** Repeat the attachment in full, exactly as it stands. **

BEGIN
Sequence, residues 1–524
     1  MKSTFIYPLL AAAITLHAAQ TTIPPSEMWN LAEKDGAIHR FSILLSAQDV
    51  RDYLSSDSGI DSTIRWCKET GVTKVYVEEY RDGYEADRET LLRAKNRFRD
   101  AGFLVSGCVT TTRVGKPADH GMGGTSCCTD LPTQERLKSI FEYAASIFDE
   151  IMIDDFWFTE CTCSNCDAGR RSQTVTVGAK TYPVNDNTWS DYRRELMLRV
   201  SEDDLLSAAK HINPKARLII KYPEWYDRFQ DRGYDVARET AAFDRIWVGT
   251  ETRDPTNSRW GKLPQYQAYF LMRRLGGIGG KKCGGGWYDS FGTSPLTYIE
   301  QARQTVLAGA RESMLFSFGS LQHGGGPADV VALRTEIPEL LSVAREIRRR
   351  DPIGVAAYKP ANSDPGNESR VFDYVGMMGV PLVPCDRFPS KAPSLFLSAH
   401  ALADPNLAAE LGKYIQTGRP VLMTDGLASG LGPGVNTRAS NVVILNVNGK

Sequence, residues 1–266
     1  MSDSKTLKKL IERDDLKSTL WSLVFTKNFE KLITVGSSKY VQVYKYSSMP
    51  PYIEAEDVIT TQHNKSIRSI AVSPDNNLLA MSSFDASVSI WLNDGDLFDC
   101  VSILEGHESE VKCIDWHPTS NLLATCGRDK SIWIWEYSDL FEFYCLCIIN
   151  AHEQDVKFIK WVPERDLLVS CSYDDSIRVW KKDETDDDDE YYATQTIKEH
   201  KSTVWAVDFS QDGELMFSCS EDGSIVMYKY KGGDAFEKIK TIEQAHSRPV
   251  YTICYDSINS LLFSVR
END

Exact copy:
Sequence, residues 1–524
     1  MKSTFIYPLL AAAITLHAAQ TTIPPSEMWN LAEKDGAIHR FSILLSAQDV
    51  RDYLSSDSGI DSTIRWCKET GVTKVYVEEY RDGYEADRET LLRAKNRFRD
   101  AGFLVSGCVT TTRVGKPADH GMGGTSCCTD LPTQERLKSI FEYAASIFDE
   151  IMIDDFWFTE CTCSNCDAGR RSQTVTVGAK TYPVNDNTWS DYRRELMLRV
   201  SEDDLLSAAK HINPKARLII KYPEWYDRFQ DRGYDVARET AAFDRIWVGT
   251  ETRDPTNSRW GKLPQYQAYF LMRRLGGIGG KKCGGGWYDS FGTSPLTYIE
   301  QARQTVLAGA RESMLFSFGS LQHGGGPADV VALRTEIPEL LSVAREIRRR
   351  DPIGVAAYKP ANSDPGNESR VFDYVGMMGV PLVPCDRFPS KAPSLFLSAH
   401  ALADPNLAAE LGKYIQTGRP VLMTDGLASG LGPGVNTRAS NVVILNVNGK

Sequence, residues 1–266
     1  MSDSKTLKKL IERDDLKSTL WSLVFTKNFE KLITVGSSKY VQVYKYSSMP
    51  PYIEAEDVIT TQHNKSIRSI AVSPDNNLLA MSSFDASVSI WLNDGDLFDC
   101  VSILEGHESE VKCIDWHPTS NLLATCGRDK SIWIWEYSDL FEFYCLCIIN
   151  AHEQDVKFIK WVPERDLLVS CSYDDSIRVW KKDETDDDDE YYATQTIKEH
   201  KSTVWAVDFS QDGELMFSCS EDGSIVMYKY KGGDAFEKIK TIEQAHSRPV
   251  YTICYDSINS LLFSVR